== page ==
(a) Amendments before trial.
(a)(1) A party may amend its pleading once as a matter of course within:
(a)(1)(A) 21 days after serving it; or
(a)(1)(B) if the pleading is one to which a responsive pleading is required, 21 days after service of a responsive pleading or 21 days after service of a motion under Rule 12(b), (e), or (f), whichever is earlier.
(a)(2) In all other cases, a party may amend its pleading only with the court’s permission or the opposing party’s written consent. The party must attach its proposed amended pleading to the motion to permit an amended pleading. The court should freely give permission when justice requires.
(a)(3) Any required response to an amended pleading must be filed within the time remaining to respond to the original pleading or within 14 days after service of the amended pleading, whichever is later.
(b) Amendments during and after trial.
(b)(1) When an issue not raised in the pleadings is tried by the parties’ express or implied consent, it must be treated in all respects as if raised in the pleadings. A party may move—at any time, even after judgment—to amend the pleadings to conform them to the evidence and to raise an unpleaded issue. But failure to amend does not affect the result of the trial of that issue.
(b)(2) If, at trial, a party objects that evidence is not within the issues raised in the pleadings, the court may permit the pleadings to be amended. The court should freely permit an amendment when doing so will aid in presenting the merits and the objecting party fails to satisfy the court that the evidence would prejudice that party’s action or defense on the merits. The court may grant a continuance to enable the objecting party to meet the evidence.
(c) Relation back of amendments. An amendment to a pleading relates back to the date of the original pleading when:
(c)(1) the law that provides the applicable statute of limitations allows relation back;
(c)(2) the amendment asserts a claim or defense that arose out of the conduct, transaction, or occurrence set out—or attempted to be set out—in the original pleading; or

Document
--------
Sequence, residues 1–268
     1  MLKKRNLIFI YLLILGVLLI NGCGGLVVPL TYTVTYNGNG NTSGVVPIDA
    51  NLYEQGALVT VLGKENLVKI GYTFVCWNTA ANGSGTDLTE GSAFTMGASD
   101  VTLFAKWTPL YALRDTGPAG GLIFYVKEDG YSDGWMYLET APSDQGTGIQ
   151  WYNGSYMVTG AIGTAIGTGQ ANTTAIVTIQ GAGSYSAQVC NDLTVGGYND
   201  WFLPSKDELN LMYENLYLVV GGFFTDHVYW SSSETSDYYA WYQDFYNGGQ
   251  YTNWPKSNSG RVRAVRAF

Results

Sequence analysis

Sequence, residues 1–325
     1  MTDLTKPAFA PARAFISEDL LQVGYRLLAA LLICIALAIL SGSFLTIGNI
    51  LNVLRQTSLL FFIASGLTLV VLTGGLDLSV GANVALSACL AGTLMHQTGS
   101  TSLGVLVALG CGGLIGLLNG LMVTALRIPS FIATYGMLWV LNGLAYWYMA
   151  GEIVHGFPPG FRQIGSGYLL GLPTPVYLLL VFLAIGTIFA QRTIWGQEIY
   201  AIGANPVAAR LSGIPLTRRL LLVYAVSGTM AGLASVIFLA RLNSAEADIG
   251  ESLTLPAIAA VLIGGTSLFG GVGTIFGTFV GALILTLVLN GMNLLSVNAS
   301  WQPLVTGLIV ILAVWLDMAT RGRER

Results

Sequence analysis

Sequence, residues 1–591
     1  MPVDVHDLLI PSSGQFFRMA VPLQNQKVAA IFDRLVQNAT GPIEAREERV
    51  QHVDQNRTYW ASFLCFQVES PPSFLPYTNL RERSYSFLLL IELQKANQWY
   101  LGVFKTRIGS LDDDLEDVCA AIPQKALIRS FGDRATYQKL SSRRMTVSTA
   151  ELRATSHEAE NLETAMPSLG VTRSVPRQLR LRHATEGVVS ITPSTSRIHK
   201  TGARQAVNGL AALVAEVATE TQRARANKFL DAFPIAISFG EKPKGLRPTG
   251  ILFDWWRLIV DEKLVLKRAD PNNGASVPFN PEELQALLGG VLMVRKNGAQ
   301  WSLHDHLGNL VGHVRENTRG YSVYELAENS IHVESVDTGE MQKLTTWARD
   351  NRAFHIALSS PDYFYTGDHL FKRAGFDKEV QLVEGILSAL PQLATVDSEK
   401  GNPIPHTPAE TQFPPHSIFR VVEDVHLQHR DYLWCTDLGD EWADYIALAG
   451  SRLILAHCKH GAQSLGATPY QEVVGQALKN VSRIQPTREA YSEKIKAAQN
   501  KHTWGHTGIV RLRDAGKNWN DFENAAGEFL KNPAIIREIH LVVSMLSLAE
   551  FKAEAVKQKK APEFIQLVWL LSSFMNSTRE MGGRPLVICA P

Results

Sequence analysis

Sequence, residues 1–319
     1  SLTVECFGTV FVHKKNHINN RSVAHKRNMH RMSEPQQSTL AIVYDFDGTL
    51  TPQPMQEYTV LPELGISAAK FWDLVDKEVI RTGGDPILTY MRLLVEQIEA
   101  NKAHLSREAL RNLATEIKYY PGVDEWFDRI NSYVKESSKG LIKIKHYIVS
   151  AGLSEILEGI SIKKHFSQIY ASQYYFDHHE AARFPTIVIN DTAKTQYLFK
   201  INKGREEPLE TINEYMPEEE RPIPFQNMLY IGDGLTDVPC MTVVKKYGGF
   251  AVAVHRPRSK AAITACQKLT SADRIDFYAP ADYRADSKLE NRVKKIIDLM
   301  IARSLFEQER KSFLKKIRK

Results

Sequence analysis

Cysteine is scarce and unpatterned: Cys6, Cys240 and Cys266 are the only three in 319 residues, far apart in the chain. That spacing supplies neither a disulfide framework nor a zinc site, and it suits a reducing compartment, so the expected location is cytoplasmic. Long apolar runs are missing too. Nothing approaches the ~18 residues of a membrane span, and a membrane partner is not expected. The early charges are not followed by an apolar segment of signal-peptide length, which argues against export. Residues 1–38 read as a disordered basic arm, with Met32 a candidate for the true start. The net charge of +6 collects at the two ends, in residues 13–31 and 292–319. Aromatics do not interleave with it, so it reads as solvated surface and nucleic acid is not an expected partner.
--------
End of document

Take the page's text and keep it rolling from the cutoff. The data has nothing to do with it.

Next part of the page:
(c)(3) the amendment adds a party, substitutes a party, or changes the name of the party against whom a claim is asserted, if paragraph (c)(2) is satisfied and if, within the period provided by Rule 4(b) for serving the summons and complaint, the party to be brought in by amendment:
(c)(3)(A) received such notice of the action that it will not be prejudiced in defending on the merits; and
(c)(3)(B) knew or should have known that the action would have been brought against it, but for a mistake concerning the proper party’s identity.
(d) Supplemental pleadings. On motion and reasonable notice, the court may, on just terms, permit a party to file a supplemental pleading setting out any transaction, occurrence, or event that happened after the date of the pleading to be supplemented. The court may permit supplementation even though the original pleading is defective in stating a claim or defense. The court may order that the opposing party respond to the supplemental pleading within a specified time.
Advisory Committee Notes
Although the precise language is different for purposes of clarity, the 2016 amendments to Utah Rule of Civil Procedure 15(c) adopt the approach of Federal Rule 15(c) regarding the relation-back of an amended pleading when the amended pleading adds a new party.